By Chimwemwe Mangazi:
The Fund said the economy could even attain disinflation—a temporary slowing of the pace of price inflation by 2023.
Malawi’s headline quickened by 0.3 percentage points in August to 9.3 percent as escalating food prices continued to bite.
This was the second month for inflation to surge after making a u-turn in July.
Malawians have in recent months struggled with surging food prices and transport costs as well as a jump in electricity tariffs.
In an interview, IMF Resident Representative, Jack Joo Ree, however, said inflation could further slow down if the country builds on recently consolidated gains in key microeconomic fundamentals.
“If Malawi would be able to maintain the sound economic policies embedded in the ECF [Extended Credit Facility] programme, especially sound fiscal policies and sound monetary policies, it would be able to achieve a five percent inflation rate,” Ree said.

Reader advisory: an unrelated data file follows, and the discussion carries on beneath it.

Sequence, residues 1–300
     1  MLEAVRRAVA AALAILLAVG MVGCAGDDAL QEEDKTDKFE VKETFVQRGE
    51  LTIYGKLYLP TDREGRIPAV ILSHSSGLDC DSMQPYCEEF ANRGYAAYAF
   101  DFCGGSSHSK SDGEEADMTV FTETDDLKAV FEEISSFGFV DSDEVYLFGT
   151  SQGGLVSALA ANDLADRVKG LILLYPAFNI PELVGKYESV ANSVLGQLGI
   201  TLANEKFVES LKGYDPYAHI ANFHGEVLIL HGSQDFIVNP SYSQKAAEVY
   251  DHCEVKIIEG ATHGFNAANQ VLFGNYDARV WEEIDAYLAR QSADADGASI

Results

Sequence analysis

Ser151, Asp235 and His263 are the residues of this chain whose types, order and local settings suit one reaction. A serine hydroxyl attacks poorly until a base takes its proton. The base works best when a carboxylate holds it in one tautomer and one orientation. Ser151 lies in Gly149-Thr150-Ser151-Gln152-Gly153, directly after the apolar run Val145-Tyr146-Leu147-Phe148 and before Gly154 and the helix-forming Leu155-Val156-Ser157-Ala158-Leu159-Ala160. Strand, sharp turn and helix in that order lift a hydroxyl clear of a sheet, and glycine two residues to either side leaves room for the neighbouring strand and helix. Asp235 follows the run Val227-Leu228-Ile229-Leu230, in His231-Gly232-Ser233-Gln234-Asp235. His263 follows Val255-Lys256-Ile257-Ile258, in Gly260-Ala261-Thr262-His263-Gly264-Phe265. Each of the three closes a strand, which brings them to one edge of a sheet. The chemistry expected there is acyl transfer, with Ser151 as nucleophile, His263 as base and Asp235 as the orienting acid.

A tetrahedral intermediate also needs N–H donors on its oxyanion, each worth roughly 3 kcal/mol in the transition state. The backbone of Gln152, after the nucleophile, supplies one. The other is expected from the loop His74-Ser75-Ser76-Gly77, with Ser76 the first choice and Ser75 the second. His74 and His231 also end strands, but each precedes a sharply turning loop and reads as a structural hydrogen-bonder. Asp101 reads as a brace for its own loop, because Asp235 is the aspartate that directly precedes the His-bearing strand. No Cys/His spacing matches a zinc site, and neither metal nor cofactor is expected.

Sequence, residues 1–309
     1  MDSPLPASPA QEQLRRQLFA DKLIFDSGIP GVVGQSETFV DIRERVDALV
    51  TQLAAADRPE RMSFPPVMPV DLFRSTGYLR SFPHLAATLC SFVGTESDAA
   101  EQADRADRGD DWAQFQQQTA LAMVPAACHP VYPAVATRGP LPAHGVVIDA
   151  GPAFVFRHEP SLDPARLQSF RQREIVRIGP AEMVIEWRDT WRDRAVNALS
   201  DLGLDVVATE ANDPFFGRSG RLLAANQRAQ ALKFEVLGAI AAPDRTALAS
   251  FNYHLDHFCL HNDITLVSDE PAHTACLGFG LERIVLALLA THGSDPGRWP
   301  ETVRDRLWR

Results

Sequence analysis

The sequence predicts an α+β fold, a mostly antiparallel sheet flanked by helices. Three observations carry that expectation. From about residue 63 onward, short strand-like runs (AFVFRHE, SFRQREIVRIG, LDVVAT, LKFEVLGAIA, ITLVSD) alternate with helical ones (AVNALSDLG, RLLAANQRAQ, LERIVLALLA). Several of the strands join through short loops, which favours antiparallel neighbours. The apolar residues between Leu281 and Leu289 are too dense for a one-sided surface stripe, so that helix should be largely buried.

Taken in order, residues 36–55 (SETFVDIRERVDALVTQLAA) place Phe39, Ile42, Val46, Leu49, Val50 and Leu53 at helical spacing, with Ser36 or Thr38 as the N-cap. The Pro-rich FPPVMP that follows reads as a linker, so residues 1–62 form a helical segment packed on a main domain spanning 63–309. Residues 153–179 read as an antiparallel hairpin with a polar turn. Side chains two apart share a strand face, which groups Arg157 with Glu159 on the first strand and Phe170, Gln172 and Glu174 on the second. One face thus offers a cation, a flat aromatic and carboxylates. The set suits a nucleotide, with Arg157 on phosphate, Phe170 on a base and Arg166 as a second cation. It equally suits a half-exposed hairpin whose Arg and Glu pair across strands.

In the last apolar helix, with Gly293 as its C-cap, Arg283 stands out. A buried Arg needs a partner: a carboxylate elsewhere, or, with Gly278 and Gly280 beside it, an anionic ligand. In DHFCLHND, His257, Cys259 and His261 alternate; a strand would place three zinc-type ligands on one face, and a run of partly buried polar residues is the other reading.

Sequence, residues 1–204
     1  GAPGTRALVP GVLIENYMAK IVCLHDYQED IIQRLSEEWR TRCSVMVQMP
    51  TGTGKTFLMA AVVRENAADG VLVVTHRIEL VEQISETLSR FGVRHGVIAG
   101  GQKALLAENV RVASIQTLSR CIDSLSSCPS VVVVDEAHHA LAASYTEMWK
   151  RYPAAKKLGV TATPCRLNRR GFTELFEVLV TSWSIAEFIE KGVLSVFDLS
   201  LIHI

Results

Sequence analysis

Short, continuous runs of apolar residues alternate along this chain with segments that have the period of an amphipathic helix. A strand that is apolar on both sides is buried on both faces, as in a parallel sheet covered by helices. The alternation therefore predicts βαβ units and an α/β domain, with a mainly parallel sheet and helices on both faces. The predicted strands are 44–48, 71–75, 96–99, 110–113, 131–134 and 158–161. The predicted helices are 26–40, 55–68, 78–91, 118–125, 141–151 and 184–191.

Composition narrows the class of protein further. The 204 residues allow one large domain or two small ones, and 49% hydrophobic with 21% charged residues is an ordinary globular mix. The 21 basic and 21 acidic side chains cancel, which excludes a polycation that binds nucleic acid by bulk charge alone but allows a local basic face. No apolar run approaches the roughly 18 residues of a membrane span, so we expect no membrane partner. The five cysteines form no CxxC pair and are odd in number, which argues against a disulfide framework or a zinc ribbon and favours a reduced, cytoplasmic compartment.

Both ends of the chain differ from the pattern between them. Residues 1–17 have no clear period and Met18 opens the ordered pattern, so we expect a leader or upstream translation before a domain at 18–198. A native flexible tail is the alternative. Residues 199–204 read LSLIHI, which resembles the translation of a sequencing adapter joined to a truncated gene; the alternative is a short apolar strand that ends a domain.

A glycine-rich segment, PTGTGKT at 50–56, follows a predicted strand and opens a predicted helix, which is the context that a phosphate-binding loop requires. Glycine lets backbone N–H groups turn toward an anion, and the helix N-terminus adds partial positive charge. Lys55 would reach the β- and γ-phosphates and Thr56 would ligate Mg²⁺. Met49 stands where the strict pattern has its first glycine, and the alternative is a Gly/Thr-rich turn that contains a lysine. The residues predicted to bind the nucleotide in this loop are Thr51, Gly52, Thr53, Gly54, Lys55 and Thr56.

He said food prices, remained volatile, making it almost difficult for the country to sustainably grow its economy.
An IMF mission team which was in the country for the ECF review from September 25 said the general economic performance remains on track and the country could do well.
Reserve Bank of Malawi (RBM) maintained the inflation forecast of a single digit this year and five percent in the first quarter of 2021.
RBM remains upbeat that this year and moving forward, the inflation rate forecast and target will be achieved “as this is the direction that RBM has taken from the monetary and fiscal perspective”.
RBM spokesperson, Mbane Ngwira, said threats to inflation remain manageable.
“We expect average inflation to be around nine percent at the end of the year 2019 and to average seven percent in 2020 and we are confident it will reach five percent by the first quarter of 2021, all things being equal,” Ngwira said.